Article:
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Deep Green Resistance comes to Vancouver

Lithium is critical to decarbonisation, but some activists oppose mining it
First Nations protest Nevada lithium mine that Vancouver company plans to build. | Max Wilbert

The inevitable schism between conservationists and climate change activists within the broader environmental movement has resulted in a small protest landing on the doorstep of a Vancouver headquartered company that plans to build a new lithium mine in Nevada.

Lithium Americas (TSX:LAC) is planning to build a US$1.3 billion hard rock lithium mine in Nevada, which has prompted opposition from a handful of members of the Fort McDermitt Tribe and their supporters from a group called Deep Green Resistance.

Some ranchers in the region also oppose the Thacker Pass mine, according to a spokesperson for the group.

On Monday, three local protestors sympathetic to the Thacker Pass protest set up outside Lithium America’s head office in Vancouver.

Located roughly 130 miles northeast of Reno, the Thacker Pass mine would be an open-pit operation that threatens old-growth sagebrush habitat, according to the group opposing the mine.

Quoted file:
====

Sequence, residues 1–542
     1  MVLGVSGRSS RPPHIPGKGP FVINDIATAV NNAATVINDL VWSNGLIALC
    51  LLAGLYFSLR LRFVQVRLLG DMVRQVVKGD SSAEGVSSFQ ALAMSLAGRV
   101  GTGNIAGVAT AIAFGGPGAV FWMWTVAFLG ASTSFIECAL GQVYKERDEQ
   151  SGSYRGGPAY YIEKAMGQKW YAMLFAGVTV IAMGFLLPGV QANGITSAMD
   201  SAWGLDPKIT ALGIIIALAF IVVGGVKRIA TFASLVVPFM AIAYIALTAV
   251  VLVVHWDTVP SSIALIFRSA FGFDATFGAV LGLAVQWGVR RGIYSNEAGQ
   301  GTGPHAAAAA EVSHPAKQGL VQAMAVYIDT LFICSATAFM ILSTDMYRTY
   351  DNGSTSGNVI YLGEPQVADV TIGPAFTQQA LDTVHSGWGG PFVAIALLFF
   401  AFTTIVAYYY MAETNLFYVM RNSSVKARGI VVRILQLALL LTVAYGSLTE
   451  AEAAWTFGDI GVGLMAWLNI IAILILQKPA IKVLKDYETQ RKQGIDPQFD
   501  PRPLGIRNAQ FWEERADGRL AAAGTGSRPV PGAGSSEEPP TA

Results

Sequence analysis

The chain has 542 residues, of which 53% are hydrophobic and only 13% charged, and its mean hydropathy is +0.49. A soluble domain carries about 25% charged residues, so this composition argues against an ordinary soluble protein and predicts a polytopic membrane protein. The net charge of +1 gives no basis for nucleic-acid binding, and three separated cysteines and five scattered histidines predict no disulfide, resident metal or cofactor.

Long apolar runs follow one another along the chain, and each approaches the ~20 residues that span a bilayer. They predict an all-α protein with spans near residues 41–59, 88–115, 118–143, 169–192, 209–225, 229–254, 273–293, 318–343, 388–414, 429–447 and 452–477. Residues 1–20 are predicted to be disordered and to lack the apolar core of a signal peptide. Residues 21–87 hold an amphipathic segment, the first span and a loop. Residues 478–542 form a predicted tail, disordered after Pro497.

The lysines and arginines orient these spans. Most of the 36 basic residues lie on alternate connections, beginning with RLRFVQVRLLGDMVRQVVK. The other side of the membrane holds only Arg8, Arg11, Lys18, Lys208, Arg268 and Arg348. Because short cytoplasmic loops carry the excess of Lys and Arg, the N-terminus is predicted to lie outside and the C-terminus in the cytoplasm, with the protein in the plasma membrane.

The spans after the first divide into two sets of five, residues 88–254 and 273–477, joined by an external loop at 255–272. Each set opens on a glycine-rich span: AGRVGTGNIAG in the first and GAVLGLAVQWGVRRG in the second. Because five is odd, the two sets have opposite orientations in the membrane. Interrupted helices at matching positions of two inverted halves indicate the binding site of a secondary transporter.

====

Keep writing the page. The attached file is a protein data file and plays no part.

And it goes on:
Lithium is, of course, a critical element for lithium-ion batteries which power electric vehicles and large-scale batteries for storing wind and solar power. It is therefore critical to the green transition advocated by major environmental groups, like the Sierra Club.

Nicola Rodriguez, a local member affiliated with Deep Green Resistance, told BIV News that other mainstream environmental groups like the Sierra Club do not support the campaign against the Thacker Pass mine project.

“Those kinds of environmental groups tend to be pro green energy,” Rodriguez said. “What we’re trying to demonstrate here is that stuff that seems green on the surface isn’t actually green.”

Deep Green Resistance bills itself as “a radical environmental movement that views mainstream environmental activism as being ineffective.”

It essentially espouses a degrowth philosophy that opposes the notion of solving one problem arising from industrialization – climate change – with another kind of industrial activity.

“These mines release toxic chemicals, they take up a ton of energy, they use up a lot of water,” Roriguez said. “Ultimately, industrial growth forever is the real source of the problem and there has to be other ways for a society to live without continually extracting from the earth.”

The Thacker Pass project received approval from the U.S. Bureau of Land Management in January, though there are still other regulatory approvals needed. Members of the Fort McDermitt Tribe and their supporters from Deep Green Resistance aren’t the only ones opposed to the mine, however.

At least one rancher in the area is also opposed and has filed a lawsuit the Bureau of Land Management, according to the Associated Press.

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